American Heritage® Dictionary of the English Language, Fourth Edition
- v. To feel uneasy or concerned about something; be troubled. See Synonyms at brood.
- v. To pull or tear at something with or as if with the teeth.
- v. To proceed doggedly in the face of difficulty or hardship; struggle: worried along at the problem.
- v. To cause to feel anxious, distressed, or troubled. See Synonyms at trouble.
- v. To bother or annoy, as with petty complaints.
- v. To seize with the teeth and shake or tug at repeatedly: a dog worrying a bone.
- v. To attack roughly and repeatedly; harass.
- v. To touch, move, or handle idly; toy with: worrying the loose tooth with his tongue.
- n. The act of worrying or the condition of being worried; persistent mental uneasiness. See Synonyms at anxiety.
- n. A source of nagging concern or uneasiness.
- idiom. not to worry Informal There is nothing to worry about; there is no need to be concerned: "But not to worry: it all...falls into place in the book's second half, where the language is plainer” ( Hallowell Bowser).
Century Dictionary and Cyclopedia
- To choke; suffocate.
- To seize by the throat with the teeth; bite at or tear with the teeth, as dogs when fighting; kill or injure badly by repeated biting, tearing, shaking, etc.: as, a dog that worries sheep; a terrier worries rats.
- To tease; trouble; harass with importunity or with care and anxiety; plague; bother; vex; persecute.
- Synonyms Pester, Plague, etc. (see tease), disturb, disquiet.
- To choke; be suffocated, as by something stopping the windpipe.
- To fight, as dogs, by seizing and biting at each other; be engaged in biting, shaking, or mangling with the teeth.
- To be unduly anxious and careful; give way to anxiety; be over-solicitous or disquieted about things; borrow trouble; fret.
- n. The act of worrying or biting and mangling with the teeth; the act of killing by biting and shaking.
- n. Harassing anxiety, solicitude, or turmoil; perplexity arising from over-anxiety or petty annoyances and cares; trouble: as, it is not work but worry that kills; the worries of housekeeping.
- v. transitive To seize or shake by the throat, especially of a dog or wolf.
- v. transitive To harass; to irritate or distress.
- v. transitive Disturb the peace of mind of; afflict with mental agitation or distress.
- v. intransitive To be troubled, to give way to mental anxiety.
- v. transitive, obsolete, except in Scots To strangle.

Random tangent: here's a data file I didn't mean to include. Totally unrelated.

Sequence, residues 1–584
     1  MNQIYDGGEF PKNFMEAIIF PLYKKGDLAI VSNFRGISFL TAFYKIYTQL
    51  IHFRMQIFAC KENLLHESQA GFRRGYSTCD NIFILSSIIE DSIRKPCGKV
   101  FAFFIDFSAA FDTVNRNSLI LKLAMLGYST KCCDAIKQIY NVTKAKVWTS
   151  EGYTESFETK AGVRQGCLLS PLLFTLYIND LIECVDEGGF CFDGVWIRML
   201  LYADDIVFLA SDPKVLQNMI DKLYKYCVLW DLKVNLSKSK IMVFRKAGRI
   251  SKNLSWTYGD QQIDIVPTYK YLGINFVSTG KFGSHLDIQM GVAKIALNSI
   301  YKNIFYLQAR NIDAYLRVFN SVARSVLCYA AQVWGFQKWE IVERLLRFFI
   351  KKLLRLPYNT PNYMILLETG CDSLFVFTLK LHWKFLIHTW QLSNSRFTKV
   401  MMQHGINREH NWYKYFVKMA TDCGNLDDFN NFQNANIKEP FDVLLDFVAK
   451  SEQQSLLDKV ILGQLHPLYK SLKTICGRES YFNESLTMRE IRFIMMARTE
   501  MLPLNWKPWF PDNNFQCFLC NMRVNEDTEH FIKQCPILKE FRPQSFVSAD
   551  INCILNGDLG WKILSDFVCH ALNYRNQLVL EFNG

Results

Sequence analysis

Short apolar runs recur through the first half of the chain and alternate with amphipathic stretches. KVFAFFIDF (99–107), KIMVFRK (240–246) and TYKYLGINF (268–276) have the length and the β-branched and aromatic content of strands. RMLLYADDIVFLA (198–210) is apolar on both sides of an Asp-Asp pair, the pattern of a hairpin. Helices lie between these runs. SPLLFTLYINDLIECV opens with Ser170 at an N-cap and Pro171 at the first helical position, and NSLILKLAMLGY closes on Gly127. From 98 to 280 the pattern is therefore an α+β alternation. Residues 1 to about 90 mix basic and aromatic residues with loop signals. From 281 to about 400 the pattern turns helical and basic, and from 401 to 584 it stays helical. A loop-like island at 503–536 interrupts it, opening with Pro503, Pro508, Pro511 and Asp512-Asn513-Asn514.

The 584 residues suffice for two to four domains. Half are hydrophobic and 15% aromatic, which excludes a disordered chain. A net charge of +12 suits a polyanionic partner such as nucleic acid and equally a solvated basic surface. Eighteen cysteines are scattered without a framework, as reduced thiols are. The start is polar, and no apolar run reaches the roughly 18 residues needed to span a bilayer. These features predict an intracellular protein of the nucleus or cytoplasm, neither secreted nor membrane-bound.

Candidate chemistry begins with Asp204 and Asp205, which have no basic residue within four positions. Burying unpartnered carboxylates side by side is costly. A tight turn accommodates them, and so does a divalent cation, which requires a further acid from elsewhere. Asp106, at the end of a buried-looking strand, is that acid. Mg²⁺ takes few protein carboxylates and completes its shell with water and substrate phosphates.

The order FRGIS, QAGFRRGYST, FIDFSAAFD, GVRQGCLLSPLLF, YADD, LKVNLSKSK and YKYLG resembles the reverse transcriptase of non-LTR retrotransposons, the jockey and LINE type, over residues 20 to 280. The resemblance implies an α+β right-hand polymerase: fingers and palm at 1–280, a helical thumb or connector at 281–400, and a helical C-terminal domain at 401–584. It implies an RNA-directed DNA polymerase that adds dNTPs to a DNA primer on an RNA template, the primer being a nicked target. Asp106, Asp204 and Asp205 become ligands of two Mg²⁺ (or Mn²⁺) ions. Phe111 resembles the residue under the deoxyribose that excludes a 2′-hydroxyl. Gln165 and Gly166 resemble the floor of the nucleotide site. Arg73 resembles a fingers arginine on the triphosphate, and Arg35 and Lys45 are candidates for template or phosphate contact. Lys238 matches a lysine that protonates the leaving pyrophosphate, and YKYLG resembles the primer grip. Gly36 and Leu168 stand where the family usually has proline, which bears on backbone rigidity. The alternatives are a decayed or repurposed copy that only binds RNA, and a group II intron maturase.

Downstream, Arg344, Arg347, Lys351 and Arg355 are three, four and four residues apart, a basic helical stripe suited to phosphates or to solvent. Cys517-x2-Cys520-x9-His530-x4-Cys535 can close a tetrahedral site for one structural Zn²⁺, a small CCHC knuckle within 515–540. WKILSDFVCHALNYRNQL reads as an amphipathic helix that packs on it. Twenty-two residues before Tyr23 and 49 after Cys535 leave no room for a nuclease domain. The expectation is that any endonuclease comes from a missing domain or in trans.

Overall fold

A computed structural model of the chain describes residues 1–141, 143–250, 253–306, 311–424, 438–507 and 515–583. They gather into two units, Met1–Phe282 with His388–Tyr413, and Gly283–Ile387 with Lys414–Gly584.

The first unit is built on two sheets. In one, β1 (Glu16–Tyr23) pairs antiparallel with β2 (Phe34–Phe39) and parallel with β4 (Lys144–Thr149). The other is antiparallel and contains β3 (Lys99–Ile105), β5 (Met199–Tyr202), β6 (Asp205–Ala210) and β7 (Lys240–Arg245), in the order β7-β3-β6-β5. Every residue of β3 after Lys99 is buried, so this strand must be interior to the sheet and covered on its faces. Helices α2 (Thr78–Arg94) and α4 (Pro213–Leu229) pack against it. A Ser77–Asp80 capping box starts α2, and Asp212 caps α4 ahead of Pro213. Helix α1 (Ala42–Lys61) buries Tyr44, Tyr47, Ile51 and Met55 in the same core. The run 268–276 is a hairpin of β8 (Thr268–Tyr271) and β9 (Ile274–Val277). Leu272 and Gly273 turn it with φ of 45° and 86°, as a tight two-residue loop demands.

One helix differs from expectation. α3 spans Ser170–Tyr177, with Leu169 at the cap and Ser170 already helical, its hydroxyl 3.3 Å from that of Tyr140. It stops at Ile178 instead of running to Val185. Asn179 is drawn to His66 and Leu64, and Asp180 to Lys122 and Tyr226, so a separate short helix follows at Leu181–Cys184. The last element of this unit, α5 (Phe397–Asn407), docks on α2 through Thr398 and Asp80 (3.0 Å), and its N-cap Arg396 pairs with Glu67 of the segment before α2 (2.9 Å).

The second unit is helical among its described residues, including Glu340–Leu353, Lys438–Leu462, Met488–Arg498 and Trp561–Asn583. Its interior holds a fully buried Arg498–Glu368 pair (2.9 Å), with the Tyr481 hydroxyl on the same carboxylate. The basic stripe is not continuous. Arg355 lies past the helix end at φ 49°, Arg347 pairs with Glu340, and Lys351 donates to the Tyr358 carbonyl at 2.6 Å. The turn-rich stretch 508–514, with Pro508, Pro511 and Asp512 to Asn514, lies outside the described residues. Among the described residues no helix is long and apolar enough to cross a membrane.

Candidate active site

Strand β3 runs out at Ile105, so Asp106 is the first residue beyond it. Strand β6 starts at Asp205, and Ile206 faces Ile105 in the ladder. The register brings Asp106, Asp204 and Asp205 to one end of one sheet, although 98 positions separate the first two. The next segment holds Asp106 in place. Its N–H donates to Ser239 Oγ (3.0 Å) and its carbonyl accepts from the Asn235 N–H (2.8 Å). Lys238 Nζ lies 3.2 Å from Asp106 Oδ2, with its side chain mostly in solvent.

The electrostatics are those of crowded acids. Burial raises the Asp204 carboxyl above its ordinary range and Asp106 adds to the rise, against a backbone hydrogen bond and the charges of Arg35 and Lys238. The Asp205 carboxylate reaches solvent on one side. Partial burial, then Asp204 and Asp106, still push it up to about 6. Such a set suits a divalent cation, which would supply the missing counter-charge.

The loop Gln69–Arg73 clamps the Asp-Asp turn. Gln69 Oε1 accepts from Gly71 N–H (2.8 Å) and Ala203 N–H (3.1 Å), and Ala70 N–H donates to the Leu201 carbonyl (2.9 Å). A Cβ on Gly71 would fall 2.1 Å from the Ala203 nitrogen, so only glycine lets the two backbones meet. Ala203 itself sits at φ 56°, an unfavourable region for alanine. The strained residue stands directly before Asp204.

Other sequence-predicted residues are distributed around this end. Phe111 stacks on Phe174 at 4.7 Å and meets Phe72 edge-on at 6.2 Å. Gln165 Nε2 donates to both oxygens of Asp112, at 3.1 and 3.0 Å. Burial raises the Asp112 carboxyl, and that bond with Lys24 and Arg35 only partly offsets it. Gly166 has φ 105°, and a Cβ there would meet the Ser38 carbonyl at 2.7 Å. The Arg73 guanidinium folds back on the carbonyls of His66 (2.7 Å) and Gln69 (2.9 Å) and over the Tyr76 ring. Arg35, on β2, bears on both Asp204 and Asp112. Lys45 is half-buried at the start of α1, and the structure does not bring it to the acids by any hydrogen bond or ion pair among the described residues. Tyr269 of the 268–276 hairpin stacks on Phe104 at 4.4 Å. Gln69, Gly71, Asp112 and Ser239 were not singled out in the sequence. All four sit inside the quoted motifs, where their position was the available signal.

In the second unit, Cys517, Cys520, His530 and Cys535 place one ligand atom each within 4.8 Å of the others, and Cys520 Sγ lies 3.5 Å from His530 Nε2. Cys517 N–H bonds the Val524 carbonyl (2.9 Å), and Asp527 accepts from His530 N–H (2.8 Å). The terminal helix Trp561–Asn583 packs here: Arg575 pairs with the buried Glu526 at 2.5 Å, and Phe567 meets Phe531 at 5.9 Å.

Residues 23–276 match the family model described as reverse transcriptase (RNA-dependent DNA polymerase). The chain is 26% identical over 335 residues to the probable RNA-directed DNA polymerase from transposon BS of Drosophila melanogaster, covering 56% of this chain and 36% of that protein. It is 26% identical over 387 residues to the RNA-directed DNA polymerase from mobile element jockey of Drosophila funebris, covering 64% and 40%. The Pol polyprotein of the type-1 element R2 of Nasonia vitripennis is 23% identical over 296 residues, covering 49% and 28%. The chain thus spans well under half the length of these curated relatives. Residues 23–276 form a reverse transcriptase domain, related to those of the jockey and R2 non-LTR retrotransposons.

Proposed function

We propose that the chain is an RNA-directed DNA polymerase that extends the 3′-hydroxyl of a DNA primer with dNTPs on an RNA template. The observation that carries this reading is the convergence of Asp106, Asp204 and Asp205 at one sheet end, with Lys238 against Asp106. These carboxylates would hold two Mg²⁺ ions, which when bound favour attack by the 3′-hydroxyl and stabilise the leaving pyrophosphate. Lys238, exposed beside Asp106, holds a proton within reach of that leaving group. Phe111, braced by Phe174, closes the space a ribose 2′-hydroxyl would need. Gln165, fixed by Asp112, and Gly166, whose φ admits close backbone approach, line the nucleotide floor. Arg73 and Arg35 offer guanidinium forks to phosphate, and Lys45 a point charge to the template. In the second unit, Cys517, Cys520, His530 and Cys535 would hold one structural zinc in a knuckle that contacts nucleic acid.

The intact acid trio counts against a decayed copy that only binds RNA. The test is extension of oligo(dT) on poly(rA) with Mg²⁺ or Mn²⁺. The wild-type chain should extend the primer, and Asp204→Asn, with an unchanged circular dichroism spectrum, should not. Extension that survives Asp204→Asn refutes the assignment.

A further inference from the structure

- n. A strong feeling of anxiety.
- n. An instance or cause of such a feeling.
GNU Webster's 1913
- v. To harass by pursuit and barking; to attack repeatedly; also, to tear or mangle with the teeth.
- v. To harass or beset with importunity, or with care an anxiety; to vex; to annoy; to torment; to tease; to fret; to trouble; to plague.
- v. colloq. To harass with labor; to fatigue.
- v. To feel or express undue care and anxiety; to manifest disquietude or pain; to be fretful; to chafe
- n. A state of undue solicitude; a state of disturbance from care and anxiety; vexation; anxiety; fret.
- v. touch or rub constantly
- v. lacerate by biting
- v. disturb the peace of mind of; afflict with mental agitation or distress
- n. something or someone that causes anxiety; a source of unhappiness
- v. be concerned with
- v. be worried, concerned, anxious, troubled, or uneasy
- n. a strong feeling of anxiety
- v. be on the mind of
- Old English wyrġan. Cognate with German würgen ‘strangle’. (Wiktionary)
- Middle English werien, worien, to strangle, from Old English wyrgan. (American Heritage® Dictionary of the English Language, Fourth Edition)
“;; And a black and white sweetheart of a kitten followed us halfway home .. * worry worry*”
“They're all new and getting used to the responsibility – my main worry is that school food and the profound importance of education remain at a flashing Belisha beacon critical for the next 10 years.”
“In fact, my main worry is that I might not know enough about finance and economics to make the company lose money fast enough.”
“My main worry is that since Oct. 2003, the government has been listening to all my conversations.”
“Your main worry is that the seller is overstating income.”
“Underline every instance of the word worry in this passage.”
“Really just not letting myself indulge in the worry is the best thing for me.”
“Your worry is the same as the rabbid antigunners: you are afraid that YOU won't be able to control other people.”
“However the long term worry is that society will loose faith in its Justice system and people will end up voting for the first lunatic far right or left fringe party to come along that is promising and end to the tyranny of crime regardless of the fact they cant actually deliver it!”
These user-created lists contain the word ‘worry’.
Single verbs that describe expression or emotional reaction. "He __ed" (smiled/gulped/scoffed...)
Very basic words for ESL students.
Trademark of Stephen Colbert and The Colbert Report.
Listening to this as an audio book for the second time. Tim O'Brien uses simple words and phrases to great effect. Very few unfamilar and big words . The writing style reminds me of words from Joh...
words in the nature of double spirals
...where "X" is a transitive verb that describes your effect on my attitude.
Essentially a more succinct version of this song.
Looking for tweets for worry.